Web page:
Fraud 101: Online Dating
POSTED IN ADVICE ON THURSDAY, JULY 19, 2018
Online romance and your bank account don't mix.
The world of online dating has made meeting new people easier and more convenient than ever, but it puts a new twist on an old con: the romance scam.
Personal ads have existed in one form or the other since at least 1695, though they fell out of favor in the late 1800s after a rash of fraud caused Americans to become more cautious. The internet breathed new life into the humble personal ad through dating sites and forums, but its immediacy aids grifters as their victims can respond more quickly – before they've had time to see through the lie. Online daters were scammed to the tune of $220 million in 2016, while annual reports of online dating fraud have more than tripled since 2012.
Although you may be excited about a new online connection, there are warning signs to watch for when talking with potential matches:
- Profile photos that are stock images or were stolen from elsewhere on the internet. (Use a reverse image search to check.)
- Claims they are from the U.S. but are supposedly traveling or working overseas.
- A desire to leave the dating site or app immediately after connecting with you in favor of texting or emailing on your personal accounts.
- Expressions of love after chatting for a short amount of time.
- Planned visits disrupted by a traumatic event or a business deal gone sour.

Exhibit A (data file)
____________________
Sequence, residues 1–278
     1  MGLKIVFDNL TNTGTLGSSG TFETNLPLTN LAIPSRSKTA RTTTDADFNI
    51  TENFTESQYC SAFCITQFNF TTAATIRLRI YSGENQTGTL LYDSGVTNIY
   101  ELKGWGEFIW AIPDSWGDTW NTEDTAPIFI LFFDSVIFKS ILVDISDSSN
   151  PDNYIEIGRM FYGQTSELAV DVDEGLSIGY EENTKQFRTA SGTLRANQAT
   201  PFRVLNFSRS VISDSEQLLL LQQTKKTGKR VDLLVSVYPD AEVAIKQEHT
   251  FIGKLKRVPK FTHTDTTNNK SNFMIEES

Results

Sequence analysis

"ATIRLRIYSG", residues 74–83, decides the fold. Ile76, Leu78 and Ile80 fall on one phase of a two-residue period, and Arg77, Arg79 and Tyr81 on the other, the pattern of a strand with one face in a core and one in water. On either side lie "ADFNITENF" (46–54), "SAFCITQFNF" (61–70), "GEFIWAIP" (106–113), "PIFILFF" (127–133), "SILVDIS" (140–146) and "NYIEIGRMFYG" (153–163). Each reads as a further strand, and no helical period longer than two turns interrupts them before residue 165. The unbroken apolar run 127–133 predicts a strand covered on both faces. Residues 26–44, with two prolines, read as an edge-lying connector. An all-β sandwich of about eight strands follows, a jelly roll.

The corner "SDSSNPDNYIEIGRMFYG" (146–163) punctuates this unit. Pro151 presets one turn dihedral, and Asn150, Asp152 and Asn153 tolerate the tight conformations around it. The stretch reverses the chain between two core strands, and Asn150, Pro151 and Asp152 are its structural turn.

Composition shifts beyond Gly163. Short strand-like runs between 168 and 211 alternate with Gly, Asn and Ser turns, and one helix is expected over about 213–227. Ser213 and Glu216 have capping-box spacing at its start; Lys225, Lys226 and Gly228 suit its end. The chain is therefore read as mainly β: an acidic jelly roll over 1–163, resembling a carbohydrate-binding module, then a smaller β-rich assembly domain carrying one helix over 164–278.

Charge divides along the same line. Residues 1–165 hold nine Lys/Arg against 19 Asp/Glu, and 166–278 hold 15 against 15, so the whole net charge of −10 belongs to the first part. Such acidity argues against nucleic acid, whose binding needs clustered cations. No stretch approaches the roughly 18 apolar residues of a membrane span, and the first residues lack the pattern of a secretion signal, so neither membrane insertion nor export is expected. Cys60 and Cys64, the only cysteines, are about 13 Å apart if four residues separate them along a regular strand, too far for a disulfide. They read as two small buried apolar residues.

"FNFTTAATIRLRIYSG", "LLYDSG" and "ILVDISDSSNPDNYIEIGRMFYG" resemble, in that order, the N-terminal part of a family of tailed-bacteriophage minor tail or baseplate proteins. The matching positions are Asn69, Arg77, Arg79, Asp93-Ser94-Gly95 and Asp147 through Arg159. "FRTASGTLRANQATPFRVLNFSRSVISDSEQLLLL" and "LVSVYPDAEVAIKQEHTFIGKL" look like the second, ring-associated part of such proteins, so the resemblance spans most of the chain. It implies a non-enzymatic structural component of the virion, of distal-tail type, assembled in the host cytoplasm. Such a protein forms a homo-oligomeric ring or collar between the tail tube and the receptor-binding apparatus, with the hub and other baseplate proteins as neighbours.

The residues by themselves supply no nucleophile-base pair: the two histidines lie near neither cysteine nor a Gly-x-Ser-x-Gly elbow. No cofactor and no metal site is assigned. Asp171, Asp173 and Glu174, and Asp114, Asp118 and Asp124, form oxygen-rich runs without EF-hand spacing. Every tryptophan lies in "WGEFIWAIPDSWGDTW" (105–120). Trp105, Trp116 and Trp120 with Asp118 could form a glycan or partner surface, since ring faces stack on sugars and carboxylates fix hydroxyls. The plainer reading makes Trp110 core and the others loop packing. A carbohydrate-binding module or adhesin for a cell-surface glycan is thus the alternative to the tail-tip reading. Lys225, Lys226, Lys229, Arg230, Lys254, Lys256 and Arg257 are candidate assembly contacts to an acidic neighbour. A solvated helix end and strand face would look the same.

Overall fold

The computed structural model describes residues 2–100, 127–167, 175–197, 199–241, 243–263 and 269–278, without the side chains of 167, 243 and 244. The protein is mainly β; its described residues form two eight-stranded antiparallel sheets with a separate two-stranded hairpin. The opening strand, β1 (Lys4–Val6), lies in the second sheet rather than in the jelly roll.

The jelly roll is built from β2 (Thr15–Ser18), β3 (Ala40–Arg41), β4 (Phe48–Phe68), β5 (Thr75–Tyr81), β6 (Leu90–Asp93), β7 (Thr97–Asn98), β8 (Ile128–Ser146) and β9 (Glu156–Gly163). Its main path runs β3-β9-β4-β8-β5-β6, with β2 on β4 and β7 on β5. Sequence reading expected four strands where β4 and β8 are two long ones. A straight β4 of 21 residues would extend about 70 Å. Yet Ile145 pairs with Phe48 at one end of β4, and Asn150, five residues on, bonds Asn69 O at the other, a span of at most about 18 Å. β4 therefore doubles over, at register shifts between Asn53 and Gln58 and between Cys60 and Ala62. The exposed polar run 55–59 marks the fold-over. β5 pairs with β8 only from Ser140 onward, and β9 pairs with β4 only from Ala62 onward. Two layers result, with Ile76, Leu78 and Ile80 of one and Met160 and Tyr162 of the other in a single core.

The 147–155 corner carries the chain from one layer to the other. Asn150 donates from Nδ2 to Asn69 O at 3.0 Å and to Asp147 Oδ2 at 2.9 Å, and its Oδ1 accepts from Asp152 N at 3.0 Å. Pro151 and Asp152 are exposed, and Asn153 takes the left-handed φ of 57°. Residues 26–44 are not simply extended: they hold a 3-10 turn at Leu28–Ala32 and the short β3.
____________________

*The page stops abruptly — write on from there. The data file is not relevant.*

If some or all of these warning signs are present, proceed with an extreme amount of caution. Trust, if you must, but verify. Romance scams can be devastating because once the fraudster has you hooked, there are a number of ways they can try to get your money. Some of the biggest red flags:
- Asking you to wire money. Never do this with someone you're talking to online, no matter the request. Whether it's plane tickets to see you, emergency medical bills or some other crisis, odds are high that cash will disappear – along with your correspondent.
- Requesting money or care packages through the mail. Don't get involved with online purchases ("I'll send you a check now and you can wire me the difference when the auction is over") or package forwarding, either.
- Prying for personal information. It's great that a potential date is taking an interest in your life, but your mother's maiden name is an odd thing to ask about unless identity theft is in the cards.
If you believe you've been a victim of fraud, report it to the Federal Trade Commission, local authorities and your state attorney general.